Monday, June 09, 2014
What I have learned in 15 years of homeschooling
We have now successfully completed 15 years of homeschooling.
Here are a few things I have learned about education along the way that apply to homeschooling as well as any other educational option.
1) Children have their own time table for learning. When parents/teachers superimpose an arbitrarily determined schedule, it doesn’t work very well. Both the child and the parents/teachers get frustrated. Learning and the relationship suffer. [Yes, we had to learn this one the hard way].
2) Children with parents who are involved and invest the time get a better education. Homeschooling parents have the advantage here because we have more power than the PTA president or a classroom volunteer. However, parents who are on the ball make a big difference. No program or policy can replace a good parent.
3) Successful educational programs address the needs of the whole child. A curriculum/program that produces high SAT scores and a child with an anxiety disorder and/or a weight problem is NOT a successful program.
4) Moral and character development are equal, if not more important, than academic learning. If a child leaves their k-12 education lacking a work ethic and integrity, than nothing else really matters.
5) Testing, if used properly, is a tool. We use standardize testing to find strengths and weakness in our efforts and to help plan future curriculum choices for that child. Because each child is an individual, what works well for one child may not work for another and testing tells us that. We don’t teach to the test. Teaching to the test defeats the purpose of the test.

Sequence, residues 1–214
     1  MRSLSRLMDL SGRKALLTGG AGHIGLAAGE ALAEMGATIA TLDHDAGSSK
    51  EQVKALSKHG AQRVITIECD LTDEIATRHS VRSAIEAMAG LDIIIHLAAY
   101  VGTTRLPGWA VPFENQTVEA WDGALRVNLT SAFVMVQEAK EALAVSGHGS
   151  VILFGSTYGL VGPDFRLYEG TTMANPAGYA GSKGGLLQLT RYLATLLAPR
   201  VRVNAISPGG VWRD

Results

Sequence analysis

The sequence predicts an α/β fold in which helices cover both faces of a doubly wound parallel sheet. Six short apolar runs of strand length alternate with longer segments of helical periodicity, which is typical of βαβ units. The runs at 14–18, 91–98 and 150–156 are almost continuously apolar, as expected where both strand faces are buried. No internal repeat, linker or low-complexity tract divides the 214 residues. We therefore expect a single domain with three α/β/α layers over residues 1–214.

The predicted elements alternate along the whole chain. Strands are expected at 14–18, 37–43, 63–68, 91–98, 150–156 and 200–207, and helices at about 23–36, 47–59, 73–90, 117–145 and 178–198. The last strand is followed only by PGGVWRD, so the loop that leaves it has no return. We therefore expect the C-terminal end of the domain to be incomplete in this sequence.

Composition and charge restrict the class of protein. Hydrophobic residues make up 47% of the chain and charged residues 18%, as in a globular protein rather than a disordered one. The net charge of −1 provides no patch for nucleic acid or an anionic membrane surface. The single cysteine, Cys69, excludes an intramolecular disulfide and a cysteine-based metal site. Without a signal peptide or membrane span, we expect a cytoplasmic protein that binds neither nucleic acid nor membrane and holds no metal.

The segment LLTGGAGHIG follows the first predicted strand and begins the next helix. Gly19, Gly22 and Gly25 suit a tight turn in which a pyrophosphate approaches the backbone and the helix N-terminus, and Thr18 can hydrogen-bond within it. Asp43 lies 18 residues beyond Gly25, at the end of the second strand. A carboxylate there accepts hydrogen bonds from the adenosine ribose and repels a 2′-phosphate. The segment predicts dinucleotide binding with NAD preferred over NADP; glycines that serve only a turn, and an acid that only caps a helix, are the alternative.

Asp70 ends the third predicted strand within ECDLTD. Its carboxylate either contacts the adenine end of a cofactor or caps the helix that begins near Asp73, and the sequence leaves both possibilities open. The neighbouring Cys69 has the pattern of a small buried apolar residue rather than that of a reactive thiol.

6) Flexibility is king. Rigid curriculum/styles/programs don’t work well. If a child knows the material, don’t waste time on that lesson. Move on. If the child needs or wants more time to delve more deeply into the material, stop and take the time. This is one area where traditional classroom style education often falls short. Unless you are teaching a room full of clones, some child is going to lose out. There are some very talented teachers who do have the skill to meet most of the needs of a diverse classroom, but that is the exception not the rule. This is also why sorting children by age and not ability and interest falls short.
7) Free time matters. Children need free time to grow and learn how to govern themselves.
8) Children need adult supervision and interaction. As a parent, I am NOT raising children; I am raising an adult. I want my children to have successful adults meaningfully involved in their lives to act as role models. Your teenage needs just as much adult interaction as your toddler.
9) Technology can be your best friend and your worst enemy. There are so many wonderful educational materials available on line. The ease of access of information is amazing and worthwhile. There are also many more terrible, awful, destructive, time wasters your children can find with click of a button. You have to be the guard at the gate. [Video games, Nintendo, WOW are not in my home for a reason.]
10. Educational goals should be unique to the child. Not every child is meant to be a software engineer or in an academic career. Do not ignore the value of practical skills or non-academic professions. College is not the only track to a successful life.